Adaptive System

[From Bruce Abbott (950615.1220 EST)]

Bill Powers (950614.1812 MDT)]
   Bruce Abbott (950614.1510 EST)

Thanks for the diagram: it does make explicit some of the missing elements
of mine. However, I don't think either of us are completely happy with
either version. Either there are limits to what a simple diagram can
represent and still be comprehensible, or we haven't yet identified the
right way to do it.

    As a suggestion, I think a "cleaner" example of this concept could
    be developed based on the standard e. coli control model, with the
    adaptation mechanism operating on the control system gain factor.
    To function properly, the adaptation control loop must be sluggish
    compared to the system it adjusts.

If I were designing an adaptive E. coli system from scratch, I'd use a
two-level control system and not the reinforcement model.

Me too. Evidently I wasn't communicating well. I was using the word
"standard" to refer to the familiar control model and not to the
reinforcement-based one (note also the reference to the "control system gain
factor"). Sorry this wasn't clear. Note also the reference to the
"adaptation control loop," an outer loop that that sets the parameters of
the inner loop. The system I'm proposing would, indeed, be a two-level
control system.

It isn't really necessary to use information about the
change in S across a tumble.

No, but what I am proposing is that using information about the relationship
between the output action and the consequent change in the error vector,
integrated over some period, might prove to be a very efficient way to
establish the system parameters of the lower-level loop, compared to simply
choosing parameters at random as a result of large, sustained error (e. coli
method).

Come to think of it, your approach isn't really like Hans' model,
because there's no world-model in it -- no model of the link between the
output action and the controlled variable Q. If you cut off the input to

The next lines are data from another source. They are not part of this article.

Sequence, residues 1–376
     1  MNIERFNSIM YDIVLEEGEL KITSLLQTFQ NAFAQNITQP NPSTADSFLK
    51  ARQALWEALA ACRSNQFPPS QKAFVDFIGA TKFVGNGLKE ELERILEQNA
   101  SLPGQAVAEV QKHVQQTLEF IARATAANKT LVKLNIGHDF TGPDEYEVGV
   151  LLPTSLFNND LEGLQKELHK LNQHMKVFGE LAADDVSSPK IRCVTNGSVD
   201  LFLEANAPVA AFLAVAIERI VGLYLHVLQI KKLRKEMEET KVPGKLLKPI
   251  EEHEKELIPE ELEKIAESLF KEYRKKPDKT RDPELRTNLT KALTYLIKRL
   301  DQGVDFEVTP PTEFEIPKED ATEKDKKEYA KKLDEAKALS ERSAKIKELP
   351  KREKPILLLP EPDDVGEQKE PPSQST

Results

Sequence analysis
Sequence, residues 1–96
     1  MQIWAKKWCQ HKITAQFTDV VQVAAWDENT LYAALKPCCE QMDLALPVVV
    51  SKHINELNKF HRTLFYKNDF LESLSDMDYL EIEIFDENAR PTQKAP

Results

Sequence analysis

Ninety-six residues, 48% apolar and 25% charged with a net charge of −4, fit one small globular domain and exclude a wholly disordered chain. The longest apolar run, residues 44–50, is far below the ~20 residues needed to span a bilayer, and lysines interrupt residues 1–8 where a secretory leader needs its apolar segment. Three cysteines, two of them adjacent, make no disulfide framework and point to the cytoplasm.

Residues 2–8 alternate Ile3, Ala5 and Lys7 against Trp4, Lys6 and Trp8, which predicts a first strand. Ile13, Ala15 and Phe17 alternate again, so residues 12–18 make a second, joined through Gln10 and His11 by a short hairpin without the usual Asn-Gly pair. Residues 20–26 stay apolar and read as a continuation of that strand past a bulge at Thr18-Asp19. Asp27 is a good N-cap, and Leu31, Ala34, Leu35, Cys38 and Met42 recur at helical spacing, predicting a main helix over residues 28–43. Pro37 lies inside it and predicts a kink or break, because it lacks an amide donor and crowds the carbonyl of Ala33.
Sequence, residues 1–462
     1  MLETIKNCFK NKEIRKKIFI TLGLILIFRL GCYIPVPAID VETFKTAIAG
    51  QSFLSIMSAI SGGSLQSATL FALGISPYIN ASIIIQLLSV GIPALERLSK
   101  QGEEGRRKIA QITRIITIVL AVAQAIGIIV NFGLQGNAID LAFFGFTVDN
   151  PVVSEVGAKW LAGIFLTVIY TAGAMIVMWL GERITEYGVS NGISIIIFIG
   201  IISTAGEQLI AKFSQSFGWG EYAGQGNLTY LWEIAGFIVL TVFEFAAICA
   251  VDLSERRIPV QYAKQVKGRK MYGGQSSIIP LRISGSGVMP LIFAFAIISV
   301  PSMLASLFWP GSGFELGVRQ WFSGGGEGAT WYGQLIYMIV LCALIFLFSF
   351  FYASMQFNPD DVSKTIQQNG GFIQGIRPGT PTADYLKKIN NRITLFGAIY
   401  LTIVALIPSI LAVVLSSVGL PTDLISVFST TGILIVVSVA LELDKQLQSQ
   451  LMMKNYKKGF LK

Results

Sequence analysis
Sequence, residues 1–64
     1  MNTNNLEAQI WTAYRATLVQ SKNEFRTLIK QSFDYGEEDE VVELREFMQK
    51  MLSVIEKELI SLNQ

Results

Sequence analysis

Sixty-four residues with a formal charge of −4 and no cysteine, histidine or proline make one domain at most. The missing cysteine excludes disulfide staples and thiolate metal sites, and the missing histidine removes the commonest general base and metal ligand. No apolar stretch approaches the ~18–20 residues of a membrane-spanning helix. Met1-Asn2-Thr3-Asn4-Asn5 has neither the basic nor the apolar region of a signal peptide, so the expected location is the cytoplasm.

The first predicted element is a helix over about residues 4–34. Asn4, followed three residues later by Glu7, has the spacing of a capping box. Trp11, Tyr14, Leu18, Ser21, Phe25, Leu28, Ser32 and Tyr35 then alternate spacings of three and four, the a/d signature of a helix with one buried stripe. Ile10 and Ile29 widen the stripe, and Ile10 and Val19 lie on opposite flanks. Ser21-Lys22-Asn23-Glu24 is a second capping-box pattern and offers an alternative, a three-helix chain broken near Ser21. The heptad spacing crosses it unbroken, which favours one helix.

your model, it would not go on producing the same output as before.

Yes, it isn't a "model-based" controller, but then again, I didn't say it
was. When I said it was like Han's model, what I had in mind was that it
adjusts system parameters on the basis of experience with the results of its
attempts to control. As in Han's adaptive controller, the system diagram
contains a box labeled "system parameters," and a control mechanism is put
into place which adjusts those parameters on the basis of specific
information about system performance.

The reinforcement model has one deficiency, which is that it will adapt
only to attractants. In order to make it adapt as appropriate for an
attractant or a repellent, something would have to detect the kind of
input that is being sensed, and change the definition of S+. You can
manually change the definitions, but that's not "adaptation." As it
stands, the model doesn't know whether S+ is a good thing or a bad
thing. It assumes it's good. If you say that a positive dNut is to be
avoided, you have to redo the model, don't you?.

S+ and S- are only names denoting discriminably different stimulus
conditions, such as red and green. The designations as S+ or S- simply
denote whether those stimuli are consistently associated with relatively
attractive versus relatively aversive conditions (i.e., given that two
stimuli were associated with different nutrient concentrations, S+ would be
the one associated with the greater concentration, S- with the lesser). If